Now that the holiday rush is behind us, it’s time to recap some fun research finds from 2012.
We’ve updated our research page, so check it out for any details I gloss over here. Let’s get started.
AOL and Hotmail readers spend more than Gmail readers
Using our eCommerce360 feature, users are able to track their customers from a MailChimp email campaign all the way to an order on their website. The user can then pass this order information back to MailChimp to keep track of their subscribers’ purchases and the return of each email campaign.
For MailChimp users conducting online retail, tracking purchases beats the pants off merely tracking clicks, so over the past year we’ve built up a lot of eCommerce360 data from those who are syncing email address purchase data back to us.
Well, we wondered if we could use this data to say anything about the spending habits of email addresses by domain. For example, do AOL users spend more than Gmail users?
It’s a deceptively simple question, but our users operate across the globe in all sorts of currencies. (I didn’t know there were 20,000 Vietnamese Dong in 1 US dollar until I started trying to answer this question.) Furthermore, each list in each MailChimp account has different emails and domains on it, so both AOL and Gmail, for example, may not be present on the same list.
We managed to get around these difficulties by staging one-on-one fights between any two email addresses making eCommerce360 orders in a user’s account. This yielded individual data points of the form, “RoryGilmore@yahoo.com spent 10% more on user X than JessMariano@gmail.com.” Once everything had been transformed from raw currency into percents, we then aggregated to the domain level across all users.
What we found was surprising:
Read the chart from top to bottom. Hotmail email addresses tend to spend more than the other big ISPs. A full 6% more than Yahoo addresses! Gmail and Comcast clock in at the low end.
The operating theory right now is that Hotmail and AOL addresses skew older in age and hence have more disposable income. Right now a 16 year old is more likely to sign up for a Gmail address than an AOL address, but I doubt they’re dropping their minimum wage dollars on Crate & Barrel couches just yet. If you’ve got a different theory, drop in a comment.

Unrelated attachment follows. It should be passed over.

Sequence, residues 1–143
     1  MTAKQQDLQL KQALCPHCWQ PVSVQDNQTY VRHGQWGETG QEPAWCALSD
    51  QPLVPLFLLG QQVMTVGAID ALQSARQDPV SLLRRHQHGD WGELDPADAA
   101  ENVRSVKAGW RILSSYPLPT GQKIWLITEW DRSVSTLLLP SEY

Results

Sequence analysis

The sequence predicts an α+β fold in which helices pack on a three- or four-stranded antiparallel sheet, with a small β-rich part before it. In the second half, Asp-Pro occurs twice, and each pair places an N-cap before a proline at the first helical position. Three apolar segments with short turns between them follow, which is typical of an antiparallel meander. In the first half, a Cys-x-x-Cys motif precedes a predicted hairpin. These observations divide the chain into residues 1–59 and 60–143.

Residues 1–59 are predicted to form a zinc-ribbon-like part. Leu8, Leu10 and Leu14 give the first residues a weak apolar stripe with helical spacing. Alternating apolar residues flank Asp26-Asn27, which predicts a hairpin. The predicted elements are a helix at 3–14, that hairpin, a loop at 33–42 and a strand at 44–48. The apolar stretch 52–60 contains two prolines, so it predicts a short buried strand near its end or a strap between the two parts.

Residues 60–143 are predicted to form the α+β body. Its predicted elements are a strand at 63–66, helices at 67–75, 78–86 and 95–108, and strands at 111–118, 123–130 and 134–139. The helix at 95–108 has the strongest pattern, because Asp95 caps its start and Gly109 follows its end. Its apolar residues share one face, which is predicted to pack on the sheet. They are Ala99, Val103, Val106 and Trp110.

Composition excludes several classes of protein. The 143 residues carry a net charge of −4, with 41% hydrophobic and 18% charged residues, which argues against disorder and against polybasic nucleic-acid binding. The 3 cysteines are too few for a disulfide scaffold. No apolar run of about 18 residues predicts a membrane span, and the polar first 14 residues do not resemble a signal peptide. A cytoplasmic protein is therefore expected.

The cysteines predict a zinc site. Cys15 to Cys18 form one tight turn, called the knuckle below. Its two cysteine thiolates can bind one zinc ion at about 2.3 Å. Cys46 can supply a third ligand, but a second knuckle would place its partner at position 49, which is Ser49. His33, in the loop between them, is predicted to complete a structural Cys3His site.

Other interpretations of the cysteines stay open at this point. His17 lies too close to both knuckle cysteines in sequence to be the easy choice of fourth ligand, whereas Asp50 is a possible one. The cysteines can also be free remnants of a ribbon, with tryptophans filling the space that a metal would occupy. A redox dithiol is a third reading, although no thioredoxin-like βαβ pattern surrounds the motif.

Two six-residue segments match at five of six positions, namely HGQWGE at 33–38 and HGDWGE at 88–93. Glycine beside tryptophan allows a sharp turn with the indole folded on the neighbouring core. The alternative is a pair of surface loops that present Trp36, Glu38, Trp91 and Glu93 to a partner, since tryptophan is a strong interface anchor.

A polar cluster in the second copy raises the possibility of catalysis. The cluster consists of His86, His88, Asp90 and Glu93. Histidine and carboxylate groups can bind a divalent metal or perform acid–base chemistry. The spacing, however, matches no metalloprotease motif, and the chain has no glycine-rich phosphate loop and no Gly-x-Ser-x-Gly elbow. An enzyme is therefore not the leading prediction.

Get out of the Daily Deals business and into the Priesthood
For example, daily deals have the lowest average campaign open rate at 19%, while religious newsletters have the highest at 48%. Overall, photo and video businesses engage users extremely well from both an opens and clicks perspective.
From an abuse perspective, the construction industry, interestingly enough, has the highest abuse and hard bounce rates. Daily deals actually have some of the lowest unsub, abuse, and bounce numbers.
So why would daily deals have some of the worst engagement but some of the best scores regarding negative feedback? First of all, if you’re being flogged deals each day, there’s a chance you’re going to disengage, become a zombie, relegate the mail to a folder, etc. By that same token, however, you’re too disengaged to unsubscribe or click the spam button. The mail is just background noise to be ignored, both positively and negatively.
We’ve said it before: Purchased lists are bad news
We buy purchased lists, usually from the trunk of an Albanian’s car, obscured by the shadows of an empty parking garage. The loose piles of printed email addresses flutter in the breeze when we stuff them into the inner breast pockets of our khaki trenchcoats.
No, it’s less noir than that. Heck, some users actually fess up and just tell us they’ve uploaded one (thanks for that, by the way).
We then push the lists into the Email Genome Project database, where we compare them to our users’ lists. If a user’s list comes up as a match with a purchased list, things get ugly.
But why? Is our anti-purchased list stance just an aesthetic or moral one? Sure, but it’s also a pragmatic one. Purchased lists lead to the kind of stats that get ISPs to block our IP addresses.
For 2012, here’s how complaint rates rose with a user’s correlation with our purchased list database:
In the graph above, we can see that a 100% purchased list has an abuse rate nearly 6 times higher than a 0% purchase correlated list. Yikes!
Check out the rest